Moving Pictures
Nov 16, 2016, 05:55AM

Watching Naked Guys in the Woods

Kelly Reichardt's Old Joy.

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This is the fourth post in a series on women filmmakers. The third, about Belle, is here.

The movie Old Joy (2006), based on a short story by Jonathan Raymond, faithfully checks the usual genre boxes for literary fiction. There’s slow pacing and subdued ambiguous interpersonal conflict. There are rambling but profound anecdotes and images that resonate with a mysterious clarity. And, most of all, there’s that literary fiction staple, male mid-life crisis.

Male mid-life crisis lit fic is generally, as you'd expect, the province of men. Guys like Philip Roth, Kingsley Amis and Ian McEwan pen serious comic tales that moralize against the faithlessness of aging asshole dicks while simultaneously indulging in priapic fantasies. Old Joy, though, is directed by a woman, Kelly Reichardt, and its moral and erotic investments are somewhat different.

As per lit fic conventions, there's not much of a plot in Old Joy. Mark (Daniel London) leaves his pregnant wife Tanya (Tanya Smith) to go on a weekend camping trip with his old friend Kurt (Will Oldham) accompanied by Mark's dog Lucy. They drive around in Oregon, get lost, finally find the river they were looking for, bathe in hot spring water, and then come home. That's it.

While nothing happens in this film, though, it's an active nothing. The relationship between Mark and Kurt is tense, for reasons that’re never exactly clear, but which seem to involve a mixture of jealousy and desire. Mark, in sync with that mid-life crisis trope, has a small squabble with his wife before he leaves. He's low-key envious of Kurt's carefree hippie gotta ramble lifestyle, and appears uncomfortably effected when Kurt babbles about an awesome happening where he danced with beautiful women and a friend "got laid." Kurt passive-aggressively tells Mark how brave he is for having a child, reminding Mark that this is the poor sap's last fling as free spirit in the woods before he's chained down by middle-class ennui, with the attendant pleasures of receding hairlines, and sexual boredom.

But if Mark is a little wistful about the possibilities of Kurt, Kurt is more than a little wistful about the possibilities of Mark. In one long, quiet sequence, Kurt sits in the car, staring through the windshield as Mark talks to his wife on the phone outside; words and phrases are barely audible, including the final "I love you." Later while the two are at the campfire, Kurt almost breaks down, insisting that there's a barrier between him and Mark that wasn't there before. Mark says there isn't—but of course Kurt's right. Mark is growing up and moving on with his life. Kurt isn't.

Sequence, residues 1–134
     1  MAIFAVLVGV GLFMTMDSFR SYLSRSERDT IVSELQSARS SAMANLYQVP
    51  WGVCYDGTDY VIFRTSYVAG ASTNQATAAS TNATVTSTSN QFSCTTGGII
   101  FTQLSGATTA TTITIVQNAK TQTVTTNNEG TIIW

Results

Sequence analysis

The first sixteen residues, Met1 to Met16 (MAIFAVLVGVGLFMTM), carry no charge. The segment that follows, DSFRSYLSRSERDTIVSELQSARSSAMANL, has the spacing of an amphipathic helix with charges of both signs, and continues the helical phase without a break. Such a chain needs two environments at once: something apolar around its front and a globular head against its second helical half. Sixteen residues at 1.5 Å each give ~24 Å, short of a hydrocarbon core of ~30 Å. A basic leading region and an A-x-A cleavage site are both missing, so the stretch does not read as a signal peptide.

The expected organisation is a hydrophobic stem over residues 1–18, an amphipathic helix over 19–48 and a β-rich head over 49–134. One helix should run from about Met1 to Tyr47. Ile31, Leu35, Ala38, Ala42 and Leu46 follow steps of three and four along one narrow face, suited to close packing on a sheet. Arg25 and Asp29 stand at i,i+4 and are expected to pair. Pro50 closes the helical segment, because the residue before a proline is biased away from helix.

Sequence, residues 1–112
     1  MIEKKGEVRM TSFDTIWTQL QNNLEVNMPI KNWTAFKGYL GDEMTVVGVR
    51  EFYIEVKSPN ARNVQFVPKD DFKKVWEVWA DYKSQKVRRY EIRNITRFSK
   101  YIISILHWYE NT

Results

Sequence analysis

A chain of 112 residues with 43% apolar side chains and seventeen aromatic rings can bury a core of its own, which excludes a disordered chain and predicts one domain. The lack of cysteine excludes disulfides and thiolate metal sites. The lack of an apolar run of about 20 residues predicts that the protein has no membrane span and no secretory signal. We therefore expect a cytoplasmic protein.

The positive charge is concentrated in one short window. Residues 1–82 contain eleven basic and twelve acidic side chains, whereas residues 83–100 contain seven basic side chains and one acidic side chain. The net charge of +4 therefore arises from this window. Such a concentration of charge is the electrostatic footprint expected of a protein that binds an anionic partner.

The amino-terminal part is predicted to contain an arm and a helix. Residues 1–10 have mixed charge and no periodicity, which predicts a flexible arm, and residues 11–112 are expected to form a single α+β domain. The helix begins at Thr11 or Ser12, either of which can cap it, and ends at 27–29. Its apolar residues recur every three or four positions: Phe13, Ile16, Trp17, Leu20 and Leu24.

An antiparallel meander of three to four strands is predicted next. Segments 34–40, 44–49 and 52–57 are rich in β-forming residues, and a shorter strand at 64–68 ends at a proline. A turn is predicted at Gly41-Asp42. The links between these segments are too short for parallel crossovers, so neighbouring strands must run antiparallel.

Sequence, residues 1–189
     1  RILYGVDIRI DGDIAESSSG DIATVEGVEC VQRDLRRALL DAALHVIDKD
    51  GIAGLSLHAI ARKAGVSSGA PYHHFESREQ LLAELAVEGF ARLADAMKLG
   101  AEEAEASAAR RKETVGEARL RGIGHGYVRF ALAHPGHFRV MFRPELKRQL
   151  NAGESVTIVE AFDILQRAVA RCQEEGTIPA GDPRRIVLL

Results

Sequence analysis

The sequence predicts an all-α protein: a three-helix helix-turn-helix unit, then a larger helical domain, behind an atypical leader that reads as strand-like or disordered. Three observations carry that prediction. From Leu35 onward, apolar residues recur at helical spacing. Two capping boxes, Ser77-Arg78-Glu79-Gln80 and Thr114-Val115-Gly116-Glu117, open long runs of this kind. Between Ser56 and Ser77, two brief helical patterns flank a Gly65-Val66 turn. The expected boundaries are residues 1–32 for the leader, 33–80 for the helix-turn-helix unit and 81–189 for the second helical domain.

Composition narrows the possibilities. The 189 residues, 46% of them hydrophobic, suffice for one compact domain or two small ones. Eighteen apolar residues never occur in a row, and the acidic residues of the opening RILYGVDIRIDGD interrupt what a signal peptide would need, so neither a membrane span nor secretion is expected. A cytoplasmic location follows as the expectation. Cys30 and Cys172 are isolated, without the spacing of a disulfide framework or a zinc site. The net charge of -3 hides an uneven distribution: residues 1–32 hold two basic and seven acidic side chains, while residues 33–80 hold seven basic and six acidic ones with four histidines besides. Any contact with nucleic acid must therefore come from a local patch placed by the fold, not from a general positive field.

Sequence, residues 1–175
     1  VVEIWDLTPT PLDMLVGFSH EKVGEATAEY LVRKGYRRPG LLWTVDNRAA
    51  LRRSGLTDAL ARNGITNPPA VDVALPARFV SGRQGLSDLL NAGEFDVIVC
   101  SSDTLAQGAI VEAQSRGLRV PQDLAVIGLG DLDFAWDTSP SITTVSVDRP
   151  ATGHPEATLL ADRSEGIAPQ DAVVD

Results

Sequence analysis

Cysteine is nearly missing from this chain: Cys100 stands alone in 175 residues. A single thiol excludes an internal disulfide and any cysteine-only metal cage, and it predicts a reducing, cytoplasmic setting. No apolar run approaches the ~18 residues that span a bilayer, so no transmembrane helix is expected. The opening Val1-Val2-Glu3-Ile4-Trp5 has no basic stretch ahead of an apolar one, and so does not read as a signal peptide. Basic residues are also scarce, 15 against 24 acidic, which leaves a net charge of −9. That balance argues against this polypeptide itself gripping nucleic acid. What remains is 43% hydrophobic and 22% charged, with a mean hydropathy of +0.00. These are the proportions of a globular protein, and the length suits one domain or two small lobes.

Kurt's unspoken desire to be Mark blurs into a possible desire to be with Mark. Before they go to bed at the campsite, Kurt makes some uncomfortable comments about sleeping in the same tent with his friend. When they reach the hot springs, and strip naked (flirting with full frontal) Kurt takes the opportunity to give Mark a shoulder massage, to Mark's initial discomfort.

The film could be read as a kind of sly anti-mid-life crisis brief. Mark drives around listening to Air America droning on about the Bush years and has petty disagreements with his wife. That's kind of drab—but it's a drabness of connection.  Quotidian irritations are to be expected when you're embedded in a community and in meaningful relationships. Kurt, on the other hand, is adrift on a sea of his own flakiness, fetishizing his lost past with Mark because he's not willing to commit to anything else. At one point he solemnly tells Mark how proud he is of him for starting a project with kids and giving something back to the community. "It's nothing you couldn't do if you wanted," Mark says—and then stutters on further realizing that it sounds like a rebuke.

Old Joy isn’t a moral condemnation of Kurt. It's too committed to the lit fic default of ambiguity to make any such forthright statement. Rather it goes back and forth between the two men, enjoying and I think eroticizing their possibilities. The pretty, earnest, soon-to-be-family man is appealing, and the hippie goofball spouting platitudes about how you never hear silence anymore and, whoa, the retreat was transformative—he's appealing too.

Mid-life crisis lit fic is often powered by male dislike of men. The characters hate themselves and are desperate to prove their likability and desirability. The authors skewer their characters even as they identify with them, in a swaggering performance of competitiveness and self-loathing.

Old Joy isn't caught up in that kind of agonized psychodrama, perhaps because, as a woman, Reichardt has more affection for men than male writers tend to have for themselves. An arresting close-up of a slug, pulsating against a leaf, beautiful and disturbing, is a kind of phallic wink. The film is about the clinical, fascinated documentary observation of manly men, who shift and wriggle beneath the camera's gaze. The men don't do much as these things go; there's no fighting or philandering, and the closest thing to an action sequence is when the buddies use some air pistols to shoot at beer cans. Still, through Reichardt's lens, it's fun to watch them moon and yearn and come back home. 


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